Extinct or Extant: Can Blockchain Preserve the Heritage of Endangered Populations?

Wednesday 5 May 2020, 5:15 AM AEST - 4 weeks ago

Around halfway between Hawaii and northern Australia, the Marshall Islands are a long way from anywhere. It would be hard to find a place more remote. And in the glory of the sun, the Marshall Islands seem to be a tropical paradise.

But the sprawling array of coral atolls in the Pacific Ocean is characterized by stark and tragic contrasts. With its coconut palms, white sands, turquoise waters, coral reefs, and friendly people it should be a major tourist hub. Yet many of the 1,156 islands are uninhabitable, and the isolation that makes The Republic of the Marshall Islands (RMI) so attractive to adventurous tourists also made it the perfect place for extensive U.S. nuclear bomb testing between 1946 and 1958.

Poisoned and displaced in the past, the citizens of the Marshall Islands face an even more uncertain future. At an average elevation of just two meters above sea level, rising tides caused by melting ice caps are on course to swallow up the atolls in the next two or three decades, submerging the islands and leaving its 59,000 people homeless.

Marshallese poet and climate change activist Kathy Jetnil-Kijiner chillingly stated:

I wanna tattoo this number to my forehead: Marshall Islands as a nation actually contributes 0.00001% of the worlds global emissions. And yet we are the ones set to disappear first.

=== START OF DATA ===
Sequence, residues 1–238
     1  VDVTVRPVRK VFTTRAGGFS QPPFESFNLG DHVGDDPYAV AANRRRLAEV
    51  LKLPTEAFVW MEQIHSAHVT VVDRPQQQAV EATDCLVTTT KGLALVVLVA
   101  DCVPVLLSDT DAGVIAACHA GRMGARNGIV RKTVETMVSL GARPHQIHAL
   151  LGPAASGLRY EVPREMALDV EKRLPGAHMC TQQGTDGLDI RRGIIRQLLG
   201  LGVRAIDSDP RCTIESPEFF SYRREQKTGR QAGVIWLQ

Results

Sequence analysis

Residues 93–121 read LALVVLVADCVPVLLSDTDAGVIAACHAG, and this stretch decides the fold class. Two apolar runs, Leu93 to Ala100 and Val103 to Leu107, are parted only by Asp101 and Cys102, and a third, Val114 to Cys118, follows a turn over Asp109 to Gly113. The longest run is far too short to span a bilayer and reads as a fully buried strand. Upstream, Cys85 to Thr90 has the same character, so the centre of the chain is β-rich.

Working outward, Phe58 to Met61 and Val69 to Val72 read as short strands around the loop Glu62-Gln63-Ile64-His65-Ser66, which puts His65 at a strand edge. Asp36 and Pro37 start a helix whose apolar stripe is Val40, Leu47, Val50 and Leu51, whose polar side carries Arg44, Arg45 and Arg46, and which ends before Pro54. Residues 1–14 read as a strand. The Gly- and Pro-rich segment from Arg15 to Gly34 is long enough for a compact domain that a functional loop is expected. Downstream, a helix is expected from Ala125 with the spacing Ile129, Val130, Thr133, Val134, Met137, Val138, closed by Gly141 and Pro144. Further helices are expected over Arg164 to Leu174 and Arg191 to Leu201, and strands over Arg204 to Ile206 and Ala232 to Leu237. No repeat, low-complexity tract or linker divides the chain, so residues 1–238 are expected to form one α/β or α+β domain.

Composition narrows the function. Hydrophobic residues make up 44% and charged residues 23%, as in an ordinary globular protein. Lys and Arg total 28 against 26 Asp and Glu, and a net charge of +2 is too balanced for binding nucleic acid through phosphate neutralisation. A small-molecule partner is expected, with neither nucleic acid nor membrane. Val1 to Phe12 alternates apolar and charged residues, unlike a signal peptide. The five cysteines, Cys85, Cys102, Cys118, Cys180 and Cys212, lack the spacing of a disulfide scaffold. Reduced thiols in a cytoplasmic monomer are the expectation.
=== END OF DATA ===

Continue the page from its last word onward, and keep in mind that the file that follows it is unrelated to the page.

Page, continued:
Life, for the Marshallese, is brutally unfair.

Aware of the fate that awaits them, the Marshallese government and former President Hilda Hiene have been active in promoting climate change action. Marshall Islands and other Micronesian students have also spoken at UN gatherings to highlight the peril that countries at low elevation face.

The dangers are literally on their doorsteps, says Sean Stelten, a tropical weather forecaster living in the RMI. Were already seeing the effects of it in certain areas. Theres one island near me where we keep seeing palm trees dying and falling at the end of the island due to erosion caused by higher seas.

It sort of puts a shot clock on our existence, former chief secretary and advisor to the Marshallese president Ben Graham told National Geographic. Its not a 30-second shot clock, but a 30-year shot clock.

And its not just a Marshallese problem. In fact, some 200 million people around the world face the prospect of losing their lands to rising tides by 2100. The majority of these are in impoverished countries with booming populations such as Bangladesh, ...

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